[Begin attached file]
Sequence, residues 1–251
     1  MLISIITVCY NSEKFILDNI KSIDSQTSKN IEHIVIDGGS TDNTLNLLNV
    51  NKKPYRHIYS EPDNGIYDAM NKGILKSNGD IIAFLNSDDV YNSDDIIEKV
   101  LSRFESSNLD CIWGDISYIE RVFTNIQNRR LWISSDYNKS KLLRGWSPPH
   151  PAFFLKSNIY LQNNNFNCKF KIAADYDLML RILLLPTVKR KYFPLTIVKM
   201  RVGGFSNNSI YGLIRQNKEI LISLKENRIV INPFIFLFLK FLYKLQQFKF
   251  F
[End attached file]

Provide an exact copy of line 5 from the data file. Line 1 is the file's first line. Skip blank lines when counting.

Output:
   151  PAFFLKSNIY LQNNNFNCKF KIAADYDLML RILLLPTVKR KYFPLTIVKM